USSSA Girls Softball World Series Kicks Off In Wicomico County - 47 ABC - Delmarva's Choice

USSSA Girls Softball World Series Kicks Off In Wicomico County

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WICOMICO CO., Md. - "Beach-goers" and vacationers are not the only people flocking to the Eastern Shore. Today marks the first day of the United States Specialty Sports Association (USSSA) World Series, one of the biggest softball tournaments in the country. The event brings over 400 girls softball teams to Wicomico County.

The tournament kicked off with an opening ceremony at the Wicomico Youth and Civic Center in Salisbury, featuring a Hollywood-themed night, in which teams parade through to a stage, get pictures, and enjoy indoor fireworks and a free concert.

"It's awesome, just awesome," says William Teagle, coach of the Salisbury Sharks.

Wicomico County has hosted the tournament for the last six years, but this year's event is supposed to be bigger than ever.

"This is the biggest it's ever been," says Steve Miller, tourism manager for Wicomico Recreation, Parks, Tourism and Civic Center. "Last year we had 292 teams and we thought we had a full house, and it's gotten even bigger."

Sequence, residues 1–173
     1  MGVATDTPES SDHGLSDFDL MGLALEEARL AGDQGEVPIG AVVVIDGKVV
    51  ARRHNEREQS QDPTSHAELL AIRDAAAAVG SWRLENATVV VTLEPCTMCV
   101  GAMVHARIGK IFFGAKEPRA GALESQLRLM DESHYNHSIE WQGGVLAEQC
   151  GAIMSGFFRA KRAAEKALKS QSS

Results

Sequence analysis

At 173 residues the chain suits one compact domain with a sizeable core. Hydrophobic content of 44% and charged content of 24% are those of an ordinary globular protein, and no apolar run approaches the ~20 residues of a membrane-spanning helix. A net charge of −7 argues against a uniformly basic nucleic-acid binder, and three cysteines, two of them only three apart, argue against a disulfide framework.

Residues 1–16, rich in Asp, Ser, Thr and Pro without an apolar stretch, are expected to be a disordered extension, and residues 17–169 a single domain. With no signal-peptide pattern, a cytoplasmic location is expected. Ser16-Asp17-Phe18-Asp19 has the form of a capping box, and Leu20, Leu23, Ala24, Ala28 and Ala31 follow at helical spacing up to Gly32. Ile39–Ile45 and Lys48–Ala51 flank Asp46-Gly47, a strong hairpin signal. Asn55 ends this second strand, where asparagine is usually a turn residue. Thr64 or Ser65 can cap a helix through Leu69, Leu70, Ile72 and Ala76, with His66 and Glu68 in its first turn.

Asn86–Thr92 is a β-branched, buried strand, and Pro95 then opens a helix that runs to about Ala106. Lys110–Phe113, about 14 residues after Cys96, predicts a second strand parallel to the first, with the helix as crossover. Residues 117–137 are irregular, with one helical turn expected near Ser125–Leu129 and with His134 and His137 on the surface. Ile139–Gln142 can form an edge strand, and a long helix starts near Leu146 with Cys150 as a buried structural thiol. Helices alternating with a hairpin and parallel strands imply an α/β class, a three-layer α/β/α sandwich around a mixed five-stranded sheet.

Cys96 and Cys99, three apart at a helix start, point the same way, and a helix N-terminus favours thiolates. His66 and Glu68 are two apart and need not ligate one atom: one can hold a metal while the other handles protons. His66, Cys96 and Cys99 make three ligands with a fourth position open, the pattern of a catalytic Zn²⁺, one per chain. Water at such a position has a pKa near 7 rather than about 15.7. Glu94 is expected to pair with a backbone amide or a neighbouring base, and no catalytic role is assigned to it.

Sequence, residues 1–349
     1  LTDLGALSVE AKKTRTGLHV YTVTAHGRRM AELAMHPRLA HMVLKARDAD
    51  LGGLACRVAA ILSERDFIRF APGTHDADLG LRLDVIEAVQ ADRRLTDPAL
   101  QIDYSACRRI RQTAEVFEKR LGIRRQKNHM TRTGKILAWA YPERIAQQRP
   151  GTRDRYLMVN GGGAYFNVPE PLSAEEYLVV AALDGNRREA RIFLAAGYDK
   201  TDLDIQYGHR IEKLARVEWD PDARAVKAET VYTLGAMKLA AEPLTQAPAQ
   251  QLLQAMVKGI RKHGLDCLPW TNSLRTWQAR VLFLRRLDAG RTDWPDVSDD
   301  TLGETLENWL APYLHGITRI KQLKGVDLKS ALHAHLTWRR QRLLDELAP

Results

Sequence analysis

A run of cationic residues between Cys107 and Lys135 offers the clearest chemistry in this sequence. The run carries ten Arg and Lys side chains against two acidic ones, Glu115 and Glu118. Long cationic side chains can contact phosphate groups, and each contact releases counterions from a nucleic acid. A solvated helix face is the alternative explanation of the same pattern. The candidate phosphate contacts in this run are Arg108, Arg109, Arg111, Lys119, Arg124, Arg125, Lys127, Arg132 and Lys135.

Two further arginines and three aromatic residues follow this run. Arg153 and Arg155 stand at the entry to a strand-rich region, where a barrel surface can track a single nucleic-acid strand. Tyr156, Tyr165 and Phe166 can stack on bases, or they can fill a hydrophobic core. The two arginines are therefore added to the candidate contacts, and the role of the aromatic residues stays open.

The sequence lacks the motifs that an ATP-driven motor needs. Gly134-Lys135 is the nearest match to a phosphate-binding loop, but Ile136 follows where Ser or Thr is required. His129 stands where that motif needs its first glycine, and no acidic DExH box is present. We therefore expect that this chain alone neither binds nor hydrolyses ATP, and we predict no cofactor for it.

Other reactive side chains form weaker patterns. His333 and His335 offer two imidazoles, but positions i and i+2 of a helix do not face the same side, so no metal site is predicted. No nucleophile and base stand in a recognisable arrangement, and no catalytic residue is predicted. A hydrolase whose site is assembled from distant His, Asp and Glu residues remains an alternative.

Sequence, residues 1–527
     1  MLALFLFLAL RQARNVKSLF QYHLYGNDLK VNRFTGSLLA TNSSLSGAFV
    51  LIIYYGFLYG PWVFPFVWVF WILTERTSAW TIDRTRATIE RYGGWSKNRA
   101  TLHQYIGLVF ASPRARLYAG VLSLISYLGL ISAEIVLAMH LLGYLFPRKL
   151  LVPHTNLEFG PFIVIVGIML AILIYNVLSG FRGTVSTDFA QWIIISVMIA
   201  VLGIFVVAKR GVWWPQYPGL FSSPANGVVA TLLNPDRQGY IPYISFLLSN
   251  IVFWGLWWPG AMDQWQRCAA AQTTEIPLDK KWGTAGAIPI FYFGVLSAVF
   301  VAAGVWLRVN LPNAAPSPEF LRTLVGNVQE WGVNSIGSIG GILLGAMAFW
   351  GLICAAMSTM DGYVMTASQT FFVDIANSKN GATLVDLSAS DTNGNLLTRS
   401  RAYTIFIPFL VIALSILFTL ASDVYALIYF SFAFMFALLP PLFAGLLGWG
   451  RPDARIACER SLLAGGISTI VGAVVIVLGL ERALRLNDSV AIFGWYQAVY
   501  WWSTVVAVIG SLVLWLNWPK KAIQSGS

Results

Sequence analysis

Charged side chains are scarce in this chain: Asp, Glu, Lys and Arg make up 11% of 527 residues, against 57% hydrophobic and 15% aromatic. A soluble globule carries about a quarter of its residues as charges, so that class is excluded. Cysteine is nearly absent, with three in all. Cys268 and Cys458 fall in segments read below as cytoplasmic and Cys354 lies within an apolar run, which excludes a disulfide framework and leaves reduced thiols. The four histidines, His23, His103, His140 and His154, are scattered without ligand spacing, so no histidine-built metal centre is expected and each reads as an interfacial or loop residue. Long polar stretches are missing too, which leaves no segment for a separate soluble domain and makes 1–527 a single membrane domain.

With big crowds, means big business. Many of the local restaurants, businesses, and hotels work together to promote certain specials. Nathan Hanley, restaurant and dining room manager at the Market Street Inn, says they are typically very busy during this time of year.

"You get a lot of groups that come through town and you might get groups of two or three people, but when you have teams playing softball, you get reservations of 25, even 30 people."

Hanley says they had reservations booked before the opening ceremonies even started.

"It's helpful to know you have those reservations in place because you can build around that for your week as far as revenue and sales go."

With more than 6,000 kids, plus their families, this year's tournament is estimated to bring in more than eight million dollars.

"They go shopping, go to restaurants, they get gas, and it just helps support jobs and the economy here," says Miller.

Miller says a ton of prep work goes into the event, between getting the fields and facilities ready, and preparing for opening ceremonies. However, he thinks it is all worth it in the end.

"It's a testament to this community and what we have to offer, and we're just thrilled to be a part of it."

Although the world series brings in a lot of money, the tournament games are open to the public with no admission fee charged. For more information, and for game schedules, visit the Salisbury championships website.

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